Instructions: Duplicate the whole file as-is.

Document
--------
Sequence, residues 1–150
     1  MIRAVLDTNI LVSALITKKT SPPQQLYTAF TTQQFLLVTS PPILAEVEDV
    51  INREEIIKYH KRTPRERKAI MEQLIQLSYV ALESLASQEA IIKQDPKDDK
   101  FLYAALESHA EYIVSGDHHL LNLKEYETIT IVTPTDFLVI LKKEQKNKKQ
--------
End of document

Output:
Sequence, residues 1–150
     1  MIRAVLDTNI LVSALITKKT SPPQQLYTAF TTQQFLLVTS PPILAEVEDV
    51  INREEIIKYH KRTPRERKAI MEQLIQLSYV ALESLASQEA IIKQDPKDDK
   101  FLYAALESHA EYIVSGDHHL LNLKEYETIT IVTPTDFLVI LKKEQKNKKQ